The Art of Getting After It
Imagine you are in the Southern Chilcotin, you are almost three hours into a climb that you shuttled to get to. You are blowing hard, the climb is steep, your pack is heavy, but you are doing it. You spent hours packing your gear, prepared for anything that mother nature might throw your way; a freak storm, a loose rock that kicks your derailleur through the wheel, an encounter with a grizzly, an unforeseen night in the alpine, you are ready. That’s part of the fun of it, that anything could happen. And if it did, things could go sideways faster than Finn Iles on Crabapple Hits.
Now imagine stopping for a breather, grabbing a Clif bar from your huge pack, when you look up and see Jen. Jen is a twenty-something girl from Squamish, and she has mastered the art of getting after it. I am pretty sure the first step of mastering this art is giving absolutely zero shits about anything. Jen was stood there in her Birkenstocks, miles away from, well, anything except us. She was completely alone, apart from a small pack, a six hundred dollar hardtail, and a pair of Ray-Bans for company. Jen was representing the true essence of getting after it.
My first reaction was that this girl was probably certified crazy. But we were so far away from even the closest town, let alone the nearest lunatic asylum, that the chances of her being a recent escapee were pretty slim. I looked around for the rest of her crew, but this girl was clearly alone. She had simply looked at a map, rallied her Toyota Echo out into the middle of nowhere, and was just getting it done.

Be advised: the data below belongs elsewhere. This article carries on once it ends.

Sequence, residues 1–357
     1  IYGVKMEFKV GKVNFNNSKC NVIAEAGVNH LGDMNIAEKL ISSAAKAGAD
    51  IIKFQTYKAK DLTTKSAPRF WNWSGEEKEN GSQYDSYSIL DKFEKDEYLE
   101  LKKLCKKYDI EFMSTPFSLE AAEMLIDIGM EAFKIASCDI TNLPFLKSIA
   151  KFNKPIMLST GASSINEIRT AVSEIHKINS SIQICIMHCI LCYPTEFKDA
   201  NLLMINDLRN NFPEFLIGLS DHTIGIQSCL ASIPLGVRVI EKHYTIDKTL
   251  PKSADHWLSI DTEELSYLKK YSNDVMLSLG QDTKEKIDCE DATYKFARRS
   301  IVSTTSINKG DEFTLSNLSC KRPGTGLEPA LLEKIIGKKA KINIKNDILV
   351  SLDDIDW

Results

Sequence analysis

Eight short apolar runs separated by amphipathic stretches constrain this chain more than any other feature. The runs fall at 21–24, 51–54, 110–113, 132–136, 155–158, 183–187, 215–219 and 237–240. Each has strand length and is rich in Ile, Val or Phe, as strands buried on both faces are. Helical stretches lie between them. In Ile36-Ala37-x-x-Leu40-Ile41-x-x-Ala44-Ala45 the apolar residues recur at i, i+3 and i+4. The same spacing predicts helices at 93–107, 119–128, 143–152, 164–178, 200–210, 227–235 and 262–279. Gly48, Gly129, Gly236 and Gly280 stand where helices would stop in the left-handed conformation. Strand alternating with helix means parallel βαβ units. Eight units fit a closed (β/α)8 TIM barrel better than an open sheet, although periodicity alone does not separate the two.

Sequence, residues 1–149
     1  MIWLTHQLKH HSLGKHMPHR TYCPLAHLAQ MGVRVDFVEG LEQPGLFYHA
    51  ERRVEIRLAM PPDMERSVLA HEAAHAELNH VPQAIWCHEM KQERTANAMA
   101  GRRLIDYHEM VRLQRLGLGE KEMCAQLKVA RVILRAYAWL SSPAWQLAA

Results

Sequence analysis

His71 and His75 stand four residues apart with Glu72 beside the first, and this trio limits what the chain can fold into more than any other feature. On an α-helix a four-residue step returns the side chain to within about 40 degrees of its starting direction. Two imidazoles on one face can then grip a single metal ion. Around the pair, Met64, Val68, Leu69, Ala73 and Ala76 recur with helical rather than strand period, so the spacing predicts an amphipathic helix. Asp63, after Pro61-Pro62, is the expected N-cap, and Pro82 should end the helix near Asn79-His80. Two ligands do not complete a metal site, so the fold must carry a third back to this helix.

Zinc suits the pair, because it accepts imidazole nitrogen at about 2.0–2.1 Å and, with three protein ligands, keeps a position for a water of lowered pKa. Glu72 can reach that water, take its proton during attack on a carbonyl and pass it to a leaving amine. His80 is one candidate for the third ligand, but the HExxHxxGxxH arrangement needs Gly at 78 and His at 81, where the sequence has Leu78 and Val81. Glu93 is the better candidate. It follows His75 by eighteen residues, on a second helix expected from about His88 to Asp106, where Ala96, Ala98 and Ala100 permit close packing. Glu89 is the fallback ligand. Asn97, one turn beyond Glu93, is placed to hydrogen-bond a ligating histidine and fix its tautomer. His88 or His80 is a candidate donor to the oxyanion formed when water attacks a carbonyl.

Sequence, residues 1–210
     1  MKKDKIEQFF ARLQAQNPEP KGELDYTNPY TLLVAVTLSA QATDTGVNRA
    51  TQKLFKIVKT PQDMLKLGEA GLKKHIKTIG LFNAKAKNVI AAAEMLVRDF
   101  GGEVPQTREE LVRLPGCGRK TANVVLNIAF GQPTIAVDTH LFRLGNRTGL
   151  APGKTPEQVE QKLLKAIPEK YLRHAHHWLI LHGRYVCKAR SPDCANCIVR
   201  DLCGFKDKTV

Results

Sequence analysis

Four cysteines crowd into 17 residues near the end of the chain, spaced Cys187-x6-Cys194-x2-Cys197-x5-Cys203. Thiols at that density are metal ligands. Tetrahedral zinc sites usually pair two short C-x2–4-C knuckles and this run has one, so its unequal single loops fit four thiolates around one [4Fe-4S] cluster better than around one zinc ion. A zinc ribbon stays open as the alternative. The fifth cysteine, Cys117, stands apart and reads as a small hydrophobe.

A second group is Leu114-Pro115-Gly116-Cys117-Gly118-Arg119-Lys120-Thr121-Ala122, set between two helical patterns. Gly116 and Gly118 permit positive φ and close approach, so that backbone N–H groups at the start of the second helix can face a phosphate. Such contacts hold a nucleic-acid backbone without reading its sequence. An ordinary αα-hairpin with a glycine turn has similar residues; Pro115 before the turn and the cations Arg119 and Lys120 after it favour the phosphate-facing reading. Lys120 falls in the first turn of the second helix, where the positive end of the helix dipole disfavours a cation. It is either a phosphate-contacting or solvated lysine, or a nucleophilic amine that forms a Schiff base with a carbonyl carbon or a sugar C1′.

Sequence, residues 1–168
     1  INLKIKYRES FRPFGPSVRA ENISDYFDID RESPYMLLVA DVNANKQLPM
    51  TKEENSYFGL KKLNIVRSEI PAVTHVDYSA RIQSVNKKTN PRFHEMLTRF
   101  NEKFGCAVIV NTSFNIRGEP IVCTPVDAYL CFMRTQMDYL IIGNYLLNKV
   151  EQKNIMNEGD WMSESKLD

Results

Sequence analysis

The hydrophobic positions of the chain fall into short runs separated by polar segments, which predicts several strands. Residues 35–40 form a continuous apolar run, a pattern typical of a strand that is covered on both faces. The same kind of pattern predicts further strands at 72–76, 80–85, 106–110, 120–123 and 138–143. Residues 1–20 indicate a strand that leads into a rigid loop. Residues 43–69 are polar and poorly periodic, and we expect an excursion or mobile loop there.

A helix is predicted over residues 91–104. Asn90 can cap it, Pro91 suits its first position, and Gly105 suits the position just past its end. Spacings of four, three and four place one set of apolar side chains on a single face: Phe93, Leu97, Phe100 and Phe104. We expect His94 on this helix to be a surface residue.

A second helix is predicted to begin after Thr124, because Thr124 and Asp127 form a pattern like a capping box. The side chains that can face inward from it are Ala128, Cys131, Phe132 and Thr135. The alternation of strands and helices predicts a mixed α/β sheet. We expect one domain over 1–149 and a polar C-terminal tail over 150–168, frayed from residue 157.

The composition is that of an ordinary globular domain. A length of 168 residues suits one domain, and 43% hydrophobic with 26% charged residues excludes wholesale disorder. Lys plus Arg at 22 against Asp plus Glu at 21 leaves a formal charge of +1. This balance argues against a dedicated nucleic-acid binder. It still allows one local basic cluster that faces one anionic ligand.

Don’t get me wrong, I am not condoning this Jen’s actions and decisions – for all I know, she could be inside a grizzly by now. But when you look around at our overly safety-conscious world where it is deemed necessary to warn you that your coffee could be hot, or that the playground will be wet when it is raining, or not to eat the packaging that your food comes in, you have to admire the minerals of the people truly getting after it, even if they are drastically reducing their life expectancy!
I won’t be heading out for an all day mission on my own in grizzly country any time soon, but there is a piece of me that is pretty inspired by people like Jen. So next time I hear my friends making weak excuses for not going riding, or begin to formulate one myself, I will think about her, and just get out there and take another lesson in mastering the art of getting after it.
This leaves us with a question: if you go into the backcountry overprepared, are you still getting after it?